A rendering of the 19th and Capitol apartments (Courtesy of the Omaha World-Herald)
Around 56,000 attended events in Downtown Omaha this weekend: two UNO hockey games, one Creighton basketball game, and one sold out rock concert. All of these events took place at the CenturyLink Center Omaha. With the Holland Performing Arts Center, Orpheum Theater, CenturyLink Center, and TD Ameritrade Park, downtown has evolved into the entertainment epicenter of Omaha. Compare that overall event attendance figure to any market, whether it be Kansas City, St. Louis, Des Moines, Milwaukee, or heck, even Chicago. We, as a city, have really found something here. Downtown has become, for the lack of a better term, the place to be.
For decades, Omaha has been the business hub of Omaha. Titans of industry such as Union Pacific, Woodman of the World, Con Agra Foods, and First National Bank, have called downtown their home for decades (some of them over a century). Over a years ago, it was really one of the only places where companies would consider when locating an office. In the past 20 to 30 years, that wasn’t the case. Suburban office parks began to offer ample parking, easy access to and from residential neighborhoods, and major shopping destinations just a short car ride away. In 2010, Black Hills Energy announced its intentions to relocate 150 downtown employees to its new facility in the bustling bedroom community of Papillion. The move, without question, made sense for Black Hills. It brought them closer to their customer base and allowed them to become more effectively serve them. But in their wake, they left behind an antiquated 96,000 square foot office structure at 19th and Capitol.
We’ve seen resurgence in downtown’s entertainment offerings: the Old Market, North Downtown, TD Ameritrade Park, the list is long. Even with companies like Black Hills moving out of downtown we’ve seen growth in the Office Market. But the major boom that is currently underway will shape downtown in larger ways than the physical office buildings or entertainment venues. They are lampshades seen in windows as the sunsets over Downtown Omaha. They are young professionals walking their dogs in the Gene Lahey Mall. They are residents, who call Downtown Omaha their home. The true sign of a strong urban core is its overall vibrancy. Sure, larger cities have more tall office buildings, bigger stadiums, and fancy shopping destinations, but what Omaha is gaining right now will set it apart for decades to come.
NuStyle Development has been at the forefront of this emerging downtown mutlifamily market. They have launched successful redevelopment efforts such as the Bank, a multifamily conversion of the former Farm Credit building at 19th and Douglas and the Tip Top Lofts in North Downtown. Currently, they are the talk of downtown with their soon to be move in ready Highline project at 23rd and Dodge. Soon though, they will add to their resume of success with their latest project at 19th and Capitol.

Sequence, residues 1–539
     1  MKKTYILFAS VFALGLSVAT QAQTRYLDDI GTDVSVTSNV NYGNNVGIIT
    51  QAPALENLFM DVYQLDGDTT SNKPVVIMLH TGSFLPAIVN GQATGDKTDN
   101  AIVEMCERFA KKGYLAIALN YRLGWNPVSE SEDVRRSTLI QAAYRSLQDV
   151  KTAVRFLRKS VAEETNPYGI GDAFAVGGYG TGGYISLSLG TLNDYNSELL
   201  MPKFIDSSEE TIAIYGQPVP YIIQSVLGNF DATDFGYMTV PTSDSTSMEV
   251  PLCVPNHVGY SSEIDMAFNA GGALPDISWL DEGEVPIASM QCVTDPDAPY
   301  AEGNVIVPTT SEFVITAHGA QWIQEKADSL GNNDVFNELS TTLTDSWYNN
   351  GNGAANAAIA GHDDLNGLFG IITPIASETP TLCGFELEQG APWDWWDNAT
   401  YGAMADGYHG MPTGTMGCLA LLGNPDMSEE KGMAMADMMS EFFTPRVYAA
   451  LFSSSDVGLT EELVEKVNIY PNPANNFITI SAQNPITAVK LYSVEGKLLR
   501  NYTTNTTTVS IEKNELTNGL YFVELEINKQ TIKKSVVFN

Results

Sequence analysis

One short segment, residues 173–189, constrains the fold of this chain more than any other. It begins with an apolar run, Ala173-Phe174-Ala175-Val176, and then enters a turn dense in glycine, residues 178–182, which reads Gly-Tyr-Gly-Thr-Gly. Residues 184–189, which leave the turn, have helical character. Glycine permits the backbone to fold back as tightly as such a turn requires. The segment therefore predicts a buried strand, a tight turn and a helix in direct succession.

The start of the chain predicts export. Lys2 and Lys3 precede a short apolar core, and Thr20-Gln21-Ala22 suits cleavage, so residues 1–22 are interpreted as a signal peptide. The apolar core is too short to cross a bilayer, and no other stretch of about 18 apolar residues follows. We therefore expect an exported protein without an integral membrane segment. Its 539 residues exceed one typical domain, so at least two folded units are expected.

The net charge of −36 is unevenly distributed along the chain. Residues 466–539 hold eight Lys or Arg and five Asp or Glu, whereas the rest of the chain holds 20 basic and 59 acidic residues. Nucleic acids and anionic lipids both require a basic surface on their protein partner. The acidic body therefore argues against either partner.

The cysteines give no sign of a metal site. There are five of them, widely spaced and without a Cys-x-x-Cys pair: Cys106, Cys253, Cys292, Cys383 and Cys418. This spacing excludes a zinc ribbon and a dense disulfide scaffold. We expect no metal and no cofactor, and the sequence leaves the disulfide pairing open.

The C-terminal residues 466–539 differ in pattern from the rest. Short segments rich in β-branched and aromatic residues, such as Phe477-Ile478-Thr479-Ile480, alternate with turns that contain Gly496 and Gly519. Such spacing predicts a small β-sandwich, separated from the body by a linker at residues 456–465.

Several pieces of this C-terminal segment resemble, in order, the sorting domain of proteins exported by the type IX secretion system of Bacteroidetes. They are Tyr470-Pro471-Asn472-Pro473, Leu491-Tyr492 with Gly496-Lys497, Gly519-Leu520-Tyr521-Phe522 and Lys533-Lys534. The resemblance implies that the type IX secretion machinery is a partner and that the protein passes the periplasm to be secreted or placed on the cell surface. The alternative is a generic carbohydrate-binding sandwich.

Last July, NuStyle announced their intentions to create 110 residences in the 7 story office building. The project, which will cost an estimated $17 Million (per the Omaha World-Herald), will again, create a unique property for Omahans to call home. Later this year, residents will be able to picnic on its rooftop deck overlooking the core of Downtown Omaha, read a book from the buildings newly installed exterior decks, or get in a good work out at the on site fitness center.
What is more important is that, once again, developers are finding a way to bring more people downtown. Unlike the events that filled downtown’s calendar last weekend, these people live there. As this and similar projects continue to be met with success, soon, demand for more retail will need to be filled. Soon the young enterprenuer who lives at 19th and Capitol will no longer seek office space at 114th and Dodge streets, he or she will want to be downtown. Large companies who want to attract and maintain young and bright minded talent will seek space office space in downtown. It may seem over simplified, yes, but in order to build a truly vibrant neighborhood, people just need to live there. Much like the speculative strip center or office building located among new suburban residential developments will be eventually filled, commercial property in downtown will have a similar fate.
For those who often wish Omaha’s downtown was more vibrant, had tall shiny buildings and big name retailers, don’t worry. It’s coming. We will get there. A renaissance larger than what we’ve seen in the last decade is coming to Downtown Omaha. In fact, it’s happening right now, one resident at a time.